Prior to the Second World War and before the corporatization of unions began in earnest, minority unionism was recognized by the American Federation of Unions for groups of “wage workers of good character and favorable to Trade Unions.” In effect, minority unionism is one of the seeds from which today’s unions evolved. Glocalism will spawn a resurgence of minority unionism or, as it is now beginning to be called, “open source unionism.”
For an example of reformation thinking at legislative levels, one should compare New Zealand’s Employment Contracts Act (ECA) 1991 and its Employment Relations Act (ERA) 2000. The ECA rejected collective action and bargaining, thrusting aside decades of practice by allowing individual employment contracts and several employment representation options. Elected in 1999, the Labour Party overhauled the ECA and renamed it the ERA. In its present form, it is described as representing a middle course between the ECA and outdated systems of the past.
As there have always been people who work for a living, so there will always be a need for strength from collective activities. As we no longer use a horse for regular transportation, we will probably have little if any use for a corporatized union in workplace representation. I believe that unionism is already materializing in ways proposed by Pennings and in ways yet to be seen.
While his conclusion—that mutual respect between worker and manager will lead to prosperity—is solid, Ray Pennings’ starting point in “Beyond Unions?” is not. Pennings suggests that unionization levels in the U.S. are in significant decline and that Canadian “parallels can be expected.”
The latest U.S. numbers show that union members make up 13.5 per cent of the workforce. However, when non-members who are represented by a union are added in, the rate climbs to about 15 per cent. Comparable statistics have only been kept since 1983, when the rate was 20.1 per cent.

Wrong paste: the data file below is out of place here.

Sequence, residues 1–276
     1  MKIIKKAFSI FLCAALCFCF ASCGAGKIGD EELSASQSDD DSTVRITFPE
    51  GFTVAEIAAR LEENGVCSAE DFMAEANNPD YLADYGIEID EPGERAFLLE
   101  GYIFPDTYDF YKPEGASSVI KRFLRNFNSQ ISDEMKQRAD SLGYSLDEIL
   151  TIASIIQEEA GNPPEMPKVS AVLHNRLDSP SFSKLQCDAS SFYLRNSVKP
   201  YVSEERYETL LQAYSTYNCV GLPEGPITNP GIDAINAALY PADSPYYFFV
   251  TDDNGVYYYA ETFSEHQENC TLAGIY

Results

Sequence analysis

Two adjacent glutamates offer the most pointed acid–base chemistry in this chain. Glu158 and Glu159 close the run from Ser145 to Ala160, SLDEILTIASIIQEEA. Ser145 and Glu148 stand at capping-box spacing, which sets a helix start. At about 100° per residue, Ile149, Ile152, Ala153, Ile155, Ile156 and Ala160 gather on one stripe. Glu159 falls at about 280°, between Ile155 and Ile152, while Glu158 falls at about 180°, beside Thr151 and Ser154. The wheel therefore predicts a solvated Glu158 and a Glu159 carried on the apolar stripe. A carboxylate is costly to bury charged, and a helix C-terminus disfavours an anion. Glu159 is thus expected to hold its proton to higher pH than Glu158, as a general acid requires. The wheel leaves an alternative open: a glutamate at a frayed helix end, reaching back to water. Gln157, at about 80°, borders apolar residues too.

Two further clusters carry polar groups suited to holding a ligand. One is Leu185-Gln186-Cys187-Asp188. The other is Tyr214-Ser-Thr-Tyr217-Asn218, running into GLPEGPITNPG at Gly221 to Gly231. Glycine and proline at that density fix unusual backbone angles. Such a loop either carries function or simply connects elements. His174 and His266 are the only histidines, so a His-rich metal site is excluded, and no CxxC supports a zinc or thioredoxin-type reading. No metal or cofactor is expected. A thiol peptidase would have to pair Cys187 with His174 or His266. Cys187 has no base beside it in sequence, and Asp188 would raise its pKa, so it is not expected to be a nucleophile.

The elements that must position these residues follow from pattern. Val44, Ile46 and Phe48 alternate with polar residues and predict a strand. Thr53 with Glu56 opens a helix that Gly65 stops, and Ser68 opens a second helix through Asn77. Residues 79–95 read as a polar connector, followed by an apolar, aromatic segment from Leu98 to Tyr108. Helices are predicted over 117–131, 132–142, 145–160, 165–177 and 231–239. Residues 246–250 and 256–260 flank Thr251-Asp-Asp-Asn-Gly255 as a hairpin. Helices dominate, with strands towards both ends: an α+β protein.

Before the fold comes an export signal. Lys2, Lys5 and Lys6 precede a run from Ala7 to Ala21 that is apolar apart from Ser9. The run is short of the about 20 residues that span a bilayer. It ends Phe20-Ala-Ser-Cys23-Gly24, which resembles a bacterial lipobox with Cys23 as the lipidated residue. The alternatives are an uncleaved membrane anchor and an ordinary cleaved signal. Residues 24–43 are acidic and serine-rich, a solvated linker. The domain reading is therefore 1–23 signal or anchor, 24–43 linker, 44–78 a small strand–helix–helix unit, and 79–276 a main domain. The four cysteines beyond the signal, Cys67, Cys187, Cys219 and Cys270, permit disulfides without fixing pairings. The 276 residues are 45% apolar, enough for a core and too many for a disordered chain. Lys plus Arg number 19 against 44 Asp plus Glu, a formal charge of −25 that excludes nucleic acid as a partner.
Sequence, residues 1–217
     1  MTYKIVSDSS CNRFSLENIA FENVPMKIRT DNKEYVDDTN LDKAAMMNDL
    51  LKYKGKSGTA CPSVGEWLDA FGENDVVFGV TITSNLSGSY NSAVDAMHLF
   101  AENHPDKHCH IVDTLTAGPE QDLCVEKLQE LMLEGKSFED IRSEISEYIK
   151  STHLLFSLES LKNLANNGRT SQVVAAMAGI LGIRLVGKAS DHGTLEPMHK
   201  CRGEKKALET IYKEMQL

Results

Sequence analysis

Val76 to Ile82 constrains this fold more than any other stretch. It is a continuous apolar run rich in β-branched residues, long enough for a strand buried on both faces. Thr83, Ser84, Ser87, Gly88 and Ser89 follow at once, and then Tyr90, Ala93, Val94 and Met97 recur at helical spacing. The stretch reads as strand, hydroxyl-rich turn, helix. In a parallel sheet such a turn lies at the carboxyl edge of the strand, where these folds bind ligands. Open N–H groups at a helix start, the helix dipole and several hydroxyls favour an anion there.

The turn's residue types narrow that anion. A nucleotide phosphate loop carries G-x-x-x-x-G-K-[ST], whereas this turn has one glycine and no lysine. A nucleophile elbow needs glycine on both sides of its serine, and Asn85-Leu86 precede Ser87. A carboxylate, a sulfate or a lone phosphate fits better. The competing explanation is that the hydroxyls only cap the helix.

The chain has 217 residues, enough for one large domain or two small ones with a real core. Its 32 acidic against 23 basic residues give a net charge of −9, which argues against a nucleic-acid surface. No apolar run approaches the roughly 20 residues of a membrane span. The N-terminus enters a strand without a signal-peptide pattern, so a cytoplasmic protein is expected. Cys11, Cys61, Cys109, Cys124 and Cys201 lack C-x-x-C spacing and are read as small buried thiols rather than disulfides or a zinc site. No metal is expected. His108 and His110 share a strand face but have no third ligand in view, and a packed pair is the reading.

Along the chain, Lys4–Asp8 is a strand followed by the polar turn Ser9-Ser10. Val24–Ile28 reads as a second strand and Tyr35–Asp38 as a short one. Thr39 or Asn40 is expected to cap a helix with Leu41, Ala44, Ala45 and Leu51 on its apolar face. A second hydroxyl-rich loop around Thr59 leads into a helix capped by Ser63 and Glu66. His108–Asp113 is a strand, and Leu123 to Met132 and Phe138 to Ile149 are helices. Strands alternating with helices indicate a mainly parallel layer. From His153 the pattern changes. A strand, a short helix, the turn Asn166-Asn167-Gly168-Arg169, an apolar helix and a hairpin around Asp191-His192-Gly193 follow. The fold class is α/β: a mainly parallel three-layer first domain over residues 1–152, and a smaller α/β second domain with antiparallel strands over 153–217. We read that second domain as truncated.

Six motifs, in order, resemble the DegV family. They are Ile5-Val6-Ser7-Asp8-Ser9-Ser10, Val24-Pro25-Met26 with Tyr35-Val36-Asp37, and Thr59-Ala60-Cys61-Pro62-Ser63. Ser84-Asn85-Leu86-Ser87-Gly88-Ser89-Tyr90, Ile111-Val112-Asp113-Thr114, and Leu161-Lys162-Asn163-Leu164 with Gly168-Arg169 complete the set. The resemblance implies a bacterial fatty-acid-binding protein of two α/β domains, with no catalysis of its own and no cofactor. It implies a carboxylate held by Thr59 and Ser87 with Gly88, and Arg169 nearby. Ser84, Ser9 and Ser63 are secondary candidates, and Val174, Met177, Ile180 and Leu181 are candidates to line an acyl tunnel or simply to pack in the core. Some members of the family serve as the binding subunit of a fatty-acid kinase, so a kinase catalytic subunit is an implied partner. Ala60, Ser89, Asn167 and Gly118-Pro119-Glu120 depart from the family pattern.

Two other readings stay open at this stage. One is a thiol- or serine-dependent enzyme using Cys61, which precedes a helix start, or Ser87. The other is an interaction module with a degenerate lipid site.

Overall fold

While this indicates a drop in the last 20 years, it’s not as dramatic as Pennings suggests. In fact, it appears that the real number of union members hasn’t changed much, while the workforce has grown. And, in Canada, despite some ups and downs, union density has remained relatively steady for decades. That’s in contrast to marked drops in rates of unionization in much of the industrialized world, including Britain, France, and Australia.
Pennings notes the significant portion of workers who have collective representation but are not unionized. It might be worth further examining the trend by many non-union collective organizations—doctors’ associations, for example—to act more like unions, by bargaining collectively and threatening or utilizing work stoppages.
In Canada today, some of the most successful unions are those that are the most militant. It’s simplistic—and perhaps completely wrong—to suggest that respect and cooperation alone will ensure the future health of unions. Unions need to withdraw from distractions such as politics and social action. By focusing on providing a quality service to existing members, and directing significant resources to aggressively organize non-union employees, Canadian unions can continue to avoid the decline seen elsewhere in the world.
Ray Pennings points out two separate trends in Canadian society. First, Canadians are supportive of workplace representation, even if they do not support everything about how unions actually carry out their work. Second, union density is declining, and changes to the modern workplace make the future a glass half empty.
How is it, he wonders, that people can be choosing ever less of something they say they approve of? What steps are available to allow employees to act on their preferences?